During the two years that passed between the baseline and follow-up studies, a number of events impacted the original classification of the Phase 1 and 2 treatment and comparison communities. For example, as a result of poor geophysical conditions, several treatment communities did not receive a handpump and were subsequently reclassified as comparison communities. Further, during Phase 3 of the RWPIP, a number of handpumps were installed in comparison communities that were then reclassified as treatment communities. In total, nine treatment communities were reclassified as comparison communities and one was removed from the sample (due to the installation of a World Vision handpump), seven treatment and one comparison community in Moma were added to the sample; and eight comparison communities were re-classified as treatment communities.
73% of the households surveyed in the baseline study were resurveyed in the follow-up study.
An unknown number of households were skipped in the baseline and follow-up studies because of absence or refusal or inability to participate in the study.
Dates of collection
Data collection supervision
Three teams of four enumerators, including the team leader, were supported in the field by the logistics manager from WeConsult and the on-the-ground statistician from LISA, Virginia Tech's Laboratory for Interdisciplinary Statistical Analysis. A runner contacted district, local, and community leaders to gain permission for surveying within the communities before the survey teams arrived. The on-the-ground statistician, a statistics PhD student from Virginia Tech, reviewed data with the individual enumerators and team leaders to ensure high quality data were collected.
Baseline and follow-up household questionnaires in Portuguese with short English translations with the following modules: household composition, water sources, health, participation, sanitation, income and expenditures. Water committee interviews about perceptions of the project and the handpumps. One-day water point observations in 17 communities with a MCC handpump.
WE Consult Mozambique
Data editing took place in the field and was conducted by the on-the-ground statistician, a PhD student from the Department of Statistics and LISA at Virginia Tech. Water Committee and water point observation data were reviewed at multiple times, both in the field and during the analyses stages.
Data were entered by enumerators during interviews into handheld PDAs running TSS (The Survey System) software. The data files were transferred to Windows laptops in the field. The on-the-ground statisticians used 'R' and 'SAS' to clean the data and identify questionable values. For the water committee interviews and water point observations, data were recorded on paper by 1-2 data collectors and then entered into Excel. The paper copies were retained in case any values needed to be double-checked.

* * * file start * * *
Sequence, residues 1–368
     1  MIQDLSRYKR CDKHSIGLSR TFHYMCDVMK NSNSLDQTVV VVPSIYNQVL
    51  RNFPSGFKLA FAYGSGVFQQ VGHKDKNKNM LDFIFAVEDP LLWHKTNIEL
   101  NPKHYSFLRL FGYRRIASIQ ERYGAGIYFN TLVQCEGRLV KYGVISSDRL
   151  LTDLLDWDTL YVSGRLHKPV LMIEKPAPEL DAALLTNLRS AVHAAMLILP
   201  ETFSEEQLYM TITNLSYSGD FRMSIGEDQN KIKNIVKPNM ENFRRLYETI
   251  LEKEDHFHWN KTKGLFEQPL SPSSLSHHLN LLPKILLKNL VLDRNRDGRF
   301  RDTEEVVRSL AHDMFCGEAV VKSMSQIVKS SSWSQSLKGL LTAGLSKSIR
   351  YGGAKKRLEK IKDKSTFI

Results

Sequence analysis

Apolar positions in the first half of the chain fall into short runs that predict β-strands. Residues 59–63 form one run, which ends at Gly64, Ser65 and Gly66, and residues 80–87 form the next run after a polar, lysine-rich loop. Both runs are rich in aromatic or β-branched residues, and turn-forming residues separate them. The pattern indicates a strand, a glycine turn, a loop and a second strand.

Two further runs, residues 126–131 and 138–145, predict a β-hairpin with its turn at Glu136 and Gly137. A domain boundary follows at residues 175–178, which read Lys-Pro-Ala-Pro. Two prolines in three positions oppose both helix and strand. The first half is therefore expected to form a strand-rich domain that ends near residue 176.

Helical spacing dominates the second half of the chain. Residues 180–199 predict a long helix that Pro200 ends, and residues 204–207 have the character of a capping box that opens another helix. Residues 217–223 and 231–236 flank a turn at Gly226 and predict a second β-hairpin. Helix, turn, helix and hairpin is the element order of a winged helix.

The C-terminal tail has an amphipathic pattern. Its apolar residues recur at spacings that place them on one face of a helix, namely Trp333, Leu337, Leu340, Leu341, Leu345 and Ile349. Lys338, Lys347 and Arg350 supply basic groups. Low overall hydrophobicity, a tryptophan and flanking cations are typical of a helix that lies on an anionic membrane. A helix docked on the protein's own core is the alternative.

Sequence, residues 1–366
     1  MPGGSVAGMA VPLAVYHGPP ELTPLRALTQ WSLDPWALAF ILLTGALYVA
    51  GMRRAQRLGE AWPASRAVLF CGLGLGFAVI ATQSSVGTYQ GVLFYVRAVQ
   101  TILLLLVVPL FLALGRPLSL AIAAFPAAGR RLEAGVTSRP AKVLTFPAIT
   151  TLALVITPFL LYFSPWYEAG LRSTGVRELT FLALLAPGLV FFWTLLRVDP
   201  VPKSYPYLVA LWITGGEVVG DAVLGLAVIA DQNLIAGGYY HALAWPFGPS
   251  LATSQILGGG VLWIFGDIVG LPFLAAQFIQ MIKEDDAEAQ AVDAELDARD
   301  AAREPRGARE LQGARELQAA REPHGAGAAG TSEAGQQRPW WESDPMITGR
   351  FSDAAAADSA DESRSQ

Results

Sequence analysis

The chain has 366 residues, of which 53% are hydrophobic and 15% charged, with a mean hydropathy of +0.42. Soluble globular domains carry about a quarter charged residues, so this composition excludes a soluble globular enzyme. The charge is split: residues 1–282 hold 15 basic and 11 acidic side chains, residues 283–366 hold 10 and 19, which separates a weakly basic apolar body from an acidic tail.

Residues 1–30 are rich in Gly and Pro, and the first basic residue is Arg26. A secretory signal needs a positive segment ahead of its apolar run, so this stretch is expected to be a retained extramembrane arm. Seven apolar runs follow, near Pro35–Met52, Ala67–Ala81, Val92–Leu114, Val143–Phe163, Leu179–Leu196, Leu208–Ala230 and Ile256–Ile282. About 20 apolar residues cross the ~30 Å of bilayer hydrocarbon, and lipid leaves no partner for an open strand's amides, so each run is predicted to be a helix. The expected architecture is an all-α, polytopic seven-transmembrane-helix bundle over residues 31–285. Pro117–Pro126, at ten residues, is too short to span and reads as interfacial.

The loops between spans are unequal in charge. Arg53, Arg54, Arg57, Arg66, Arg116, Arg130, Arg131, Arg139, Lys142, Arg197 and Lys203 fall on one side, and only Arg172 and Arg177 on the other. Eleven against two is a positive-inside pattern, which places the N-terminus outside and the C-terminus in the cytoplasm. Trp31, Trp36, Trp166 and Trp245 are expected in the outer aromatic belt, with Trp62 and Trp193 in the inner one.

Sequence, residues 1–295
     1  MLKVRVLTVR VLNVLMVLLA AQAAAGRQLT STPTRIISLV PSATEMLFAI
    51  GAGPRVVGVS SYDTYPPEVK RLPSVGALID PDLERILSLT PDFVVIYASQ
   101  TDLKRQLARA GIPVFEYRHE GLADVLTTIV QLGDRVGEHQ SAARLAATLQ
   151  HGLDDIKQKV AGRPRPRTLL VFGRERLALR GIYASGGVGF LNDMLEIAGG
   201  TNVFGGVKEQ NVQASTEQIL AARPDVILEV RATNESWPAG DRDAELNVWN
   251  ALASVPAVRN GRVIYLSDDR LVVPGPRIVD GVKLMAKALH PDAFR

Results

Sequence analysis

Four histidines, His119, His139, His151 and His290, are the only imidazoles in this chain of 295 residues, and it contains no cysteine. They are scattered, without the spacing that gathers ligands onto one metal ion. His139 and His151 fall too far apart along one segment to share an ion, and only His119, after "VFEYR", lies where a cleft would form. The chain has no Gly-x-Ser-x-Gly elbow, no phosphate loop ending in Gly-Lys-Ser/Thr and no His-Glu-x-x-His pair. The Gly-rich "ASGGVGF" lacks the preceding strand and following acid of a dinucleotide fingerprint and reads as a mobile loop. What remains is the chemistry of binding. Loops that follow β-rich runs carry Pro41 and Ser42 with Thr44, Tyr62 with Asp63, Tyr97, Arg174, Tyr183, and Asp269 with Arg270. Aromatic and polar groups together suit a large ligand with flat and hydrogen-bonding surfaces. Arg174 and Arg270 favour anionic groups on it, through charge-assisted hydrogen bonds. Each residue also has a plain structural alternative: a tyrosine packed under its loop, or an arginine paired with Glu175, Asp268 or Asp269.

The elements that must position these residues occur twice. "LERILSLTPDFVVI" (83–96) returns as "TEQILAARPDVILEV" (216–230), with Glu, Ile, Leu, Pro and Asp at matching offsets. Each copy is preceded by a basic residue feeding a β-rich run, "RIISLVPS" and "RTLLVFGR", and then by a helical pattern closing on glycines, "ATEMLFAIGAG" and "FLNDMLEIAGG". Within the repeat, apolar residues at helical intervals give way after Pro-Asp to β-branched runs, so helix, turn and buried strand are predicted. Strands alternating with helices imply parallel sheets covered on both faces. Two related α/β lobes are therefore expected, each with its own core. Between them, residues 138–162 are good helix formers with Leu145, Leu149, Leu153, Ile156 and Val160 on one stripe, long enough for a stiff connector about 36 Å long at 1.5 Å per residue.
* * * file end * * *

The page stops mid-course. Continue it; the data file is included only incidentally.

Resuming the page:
Sampling of housheholds was based on a random walk. No sampling errors were calculated.
The dataset has been anonymized and is available as a Public Use Dataset. It is accessible to all for statistical and research purposes only, under the following terms and conditions:
1. The data and other materials will not be redistributed or sold to other individuals, institutions, or organizations without the written agreement of Stanford/Virginia Tech.
2. The data will be used for statistical and scientific research purposes only. They will be used solely for reporting of aggregated information, and not for investigation of specific individuals or organizations.
3. No attempt will be made to re-identify respondents, and no use will be made of the identity of any person or establishment discovered inadvertently. Any such discovery would immediately be reported to Stanford/Virginia Tech.
4. No attempt will be made to produce links among datasets provided by Stanford/Virginia Tech, or among data from Stanford/Virginia Tech and other datasets that could identify individuals or organizations.
5. Any books, articles, conference papers, theses, dissertations, reports, or other publications that employ data obtained from Stanford/Virginia Tech will cite the source of data in accordance with the Citation Requirement provided with each dataset.
6. An electronic copy of all reports and publications based on the requested data will be sent to Stanford/Virginia Tech.
The original collector of the data, Stanford/Virginia Tech, and the relevant funding agencies bear no responsibility for use of the data or for interpretations or inferences based upon such uses.
Hall, R. P., Davis, D., Van Houweling, E., Vance, E., Carzolio, M., Seiss, M., Russel, M. (2014) Impact Evaluation of the Mozambique Rural Water Supply Activity Under a Cooperative Agreement between MCC and Stanford University. Washington, D.C.: MCC.
Stanford University/Virginia Polytechnic Institute
Production of Metadata
Version 1.0 (February 2014). This is the first version of the document.
Version 2.0 (May 2015). Edited version based on Version 01 (DDI-MCC-MOZ-StanfordVT-2014-v01) that was done by Millennium Challenge Corporation.